Developer Ron Wells is ready, set and eagerly waiting the shot of the starting pistol. Over the past week, every 36 hours or so, he's been making phone calls to an investor, asking if there's anything he can do to speed up the process. He was hoping that the investor's letter of intent would have arrived last Thursday.
Once it does, Wells can finally start running full speed, purchasing the rest of the vacant Ridpath Hotel buildings and rehabbing them into a 13-story apartment complex.
It's something Wells, not to mention the city of Spokane, has been anticipating for a very long time.
It's been six years since a Las Vegas hotelier shut down the Ridpath, a once iconic symbol of the Spokane skyline. It's been more than two and half years since Mickey Brown, who'd been snookered by con artist Greg Jeffreys into buying an inflated chunk of the Ridpath, approached Wells about getting involved. It's been more than a year since Jeffreys pleaded guilty to fraud.
By contrast, slightly more than two years have passed since Davenport hotel developer Walt Worthy trumpeted his plans to turn a parking lot into Spokane's biggest hotel, and it's already risen high into the air, with a scheduled June opening. (See "Checking In," page 13.)
Wells has spent that time hacking away at the nightmarish thicket of lawsuits, competing ownerships, regulations and financing challenges in his effort to rehab the Ridpath into a downtown apartment complex.
"When I got into this business as a developer, 35 years ago, I was an extremely impatient person," Wells says. "I had to just develop all the patience necessary. This is a test of how much patience one might ought to have."
The misfortune of the Ridpath's 13 unlucky stories extends into the building itself. In December of 2013, a pipe burst, taking all the water and antifreeze in the sprinkler systems from the 13th through the fifth floors and dumping it into the basement. It flooded the electrical transformers, costing his insurance company millions.
"Ironically, it was a not a setback time-wise," he says, but that's only because it's taken so long to line up the financing.
From the very beginning of the Ridpath process, Wells says, he had the best condo attorney in Spokane trying to untangle the legal morass left by Jeffreys, who helped split the property into more than two dozen pieces. The legal fees, he says, are well into the seven figures. That includes the cost of successfully defending against a lawsuit by former Red Lion CEO Art Coffey.
Wells says all the legal issues will be resolved once he purchases the rest of the hotel. "And my life's just wonderful again," he says.
Many, like one-time self-appointed Ridpath savior Stephen Antonetti, hoped the building could be resurrected as a hotel. But Wells considered that unrealistic. When Worthy resurrected the shuttered Davenport Hotel, Wells says, he took a Bobcat to the top floors, knocking down the old walls to build new ones in a more modern layout.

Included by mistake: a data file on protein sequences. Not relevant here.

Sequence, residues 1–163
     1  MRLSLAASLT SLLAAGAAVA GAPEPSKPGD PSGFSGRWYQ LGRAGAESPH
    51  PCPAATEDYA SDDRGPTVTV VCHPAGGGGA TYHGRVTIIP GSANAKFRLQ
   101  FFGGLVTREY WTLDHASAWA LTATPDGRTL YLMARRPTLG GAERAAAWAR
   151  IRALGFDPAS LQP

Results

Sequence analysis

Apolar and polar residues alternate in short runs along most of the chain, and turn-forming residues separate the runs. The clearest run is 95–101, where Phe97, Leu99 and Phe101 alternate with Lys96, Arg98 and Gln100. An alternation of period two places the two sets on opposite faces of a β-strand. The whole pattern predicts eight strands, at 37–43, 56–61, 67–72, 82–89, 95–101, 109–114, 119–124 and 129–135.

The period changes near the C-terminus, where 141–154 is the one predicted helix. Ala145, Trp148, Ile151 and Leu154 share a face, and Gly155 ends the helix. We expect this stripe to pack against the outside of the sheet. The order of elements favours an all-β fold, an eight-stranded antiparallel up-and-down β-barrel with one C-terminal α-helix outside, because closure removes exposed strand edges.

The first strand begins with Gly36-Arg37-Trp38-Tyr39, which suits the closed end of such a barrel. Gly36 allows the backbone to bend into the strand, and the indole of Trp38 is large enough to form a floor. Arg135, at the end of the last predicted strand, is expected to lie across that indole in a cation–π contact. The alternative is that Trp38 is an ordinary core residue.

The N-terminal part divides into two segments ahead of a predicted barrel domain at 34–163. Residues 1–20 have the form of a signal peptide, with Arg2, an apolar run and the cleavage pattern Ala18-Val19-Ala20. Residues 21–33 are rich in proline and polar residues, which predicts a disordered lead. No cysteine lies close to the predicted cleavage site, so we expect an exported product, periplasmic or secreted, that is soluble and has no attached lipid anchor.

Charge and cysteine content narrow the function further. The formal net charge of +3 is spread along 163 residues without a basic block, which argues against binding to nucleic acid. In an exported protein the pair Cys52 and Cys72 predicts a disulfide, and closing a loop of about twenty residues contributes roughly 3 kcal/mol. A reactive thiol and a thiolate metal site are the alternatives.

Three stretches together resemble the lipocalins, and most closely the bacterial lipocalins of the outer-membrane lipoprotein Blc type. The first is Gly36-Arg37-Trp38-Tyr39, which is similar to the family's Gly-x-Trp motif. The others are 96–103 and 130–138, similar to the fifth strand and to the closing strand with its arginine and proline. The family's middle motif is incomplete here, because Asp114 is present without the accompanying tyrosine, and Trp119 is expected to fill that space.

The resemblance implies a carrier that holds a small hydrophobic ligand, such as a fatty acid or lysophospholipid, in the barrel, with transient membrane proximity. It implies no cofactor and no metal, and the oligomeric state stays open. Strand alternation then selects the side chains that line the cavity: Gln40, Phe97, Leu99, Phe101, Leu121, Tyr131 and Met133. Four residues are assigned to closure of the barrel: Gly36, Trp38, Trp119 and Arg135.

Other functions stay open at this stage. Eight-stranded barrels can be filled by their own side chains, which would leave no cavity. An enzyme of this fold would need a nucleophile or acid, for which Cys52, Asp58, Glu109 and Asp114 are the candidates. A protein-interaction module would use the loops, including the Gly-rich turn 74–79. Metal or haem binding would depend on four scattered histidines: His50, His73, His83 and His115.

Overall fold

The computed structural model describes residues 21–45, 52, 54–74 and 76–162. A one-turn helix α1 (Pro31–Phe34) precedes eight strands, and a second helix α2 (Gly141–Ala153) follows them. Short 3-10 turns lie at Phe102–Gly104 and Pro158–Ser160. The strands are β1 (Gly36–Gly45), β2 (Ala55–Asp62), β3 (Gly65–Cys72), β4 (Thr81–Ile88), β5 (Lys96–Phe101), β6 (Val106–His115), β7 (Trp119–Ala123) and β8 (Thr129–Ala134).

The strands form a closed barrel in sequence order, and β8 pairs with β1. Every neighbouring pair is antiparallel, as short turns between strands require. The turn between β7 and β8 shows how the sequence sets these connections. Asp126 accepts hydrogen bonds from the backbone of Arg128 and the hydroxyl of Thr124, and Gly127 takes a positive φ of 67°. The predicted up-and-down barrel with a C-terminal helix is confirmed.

But all the cross-bracing between the walls made that practically impossible in the Ridpath, Wells says. Instead, he wants to turn it into an apartment complex. The composition of the building has changed over the years: Currently the plan is for 41 studio apartments, 55 one-bedroom apartments and — uniquely— 110 micro apartments. At 255 square feet, they're tiny, but Wells says his market study shows they'll fetch $435 a month. It's a model that's thrived in dense communities like San Francisco and Seattle, where demand for housing is intense. The big question is whether the same will work in a vastly different Spokane market.
"There's no challenge. We already had 248 people on the waiting list from the Craigslist ad. We've got more people than we've got apartments," Wells says. "The appraisers, the market study analysts, the lender, the [Federal Housing Administration], everyone agrees the demand is solid."
That doesn't mean that convincing investors has been easy. A number of potential investors, Wells says, were immediately dismissive about the project, starting with the city in which it was located. To reduce the risk, making the project more palatable for investment, he cut the number of micro apartments in half.
"It took a very large time to find any tax credit investors willing to decide they even liked Spokane and the project," Wells says. "Fourteen of them said no before one said yes."
Once the other investor details are clear, the city of Spokane may help provide additional financing, using a few different instruments. The slow process of turning the Ridpath's ruin into something worth selling again has already begun, starting with the top two floors, where Ankeny's Restaurant served escargot and racks of lamb a decade ago. Wells plans to turn those top two floors into condos.
He's made an offer to buy the Ridpath once before, in 2006, when it was still a functioning hotel. Back then, he planned on focusing on the condo project. In retrospect, getting outbid was the one of the best things that could have happened to him. The condo market dropped out almost immediately, and the subsequent economic crash bankrupted plenty of well-known developers with grand dreams and terrible timing.
That's not to say that Wells' Ridpath sojourn hasn't been rough. Asked whether it's all been worth it, Wells lets out a long, wry laugh. "It probably wasn't," he says. "No sane lender would have wanted to take this on if they'd known it would take this long."
But he can't quit now, he says. He's too stubborn. Too many people are counting on this. Wells walks over to his office and brings out a framed quote from The Best Exotic Marigold Hotel: "Everything will be all right in the end. If it's not all right then it's not yet the end."♦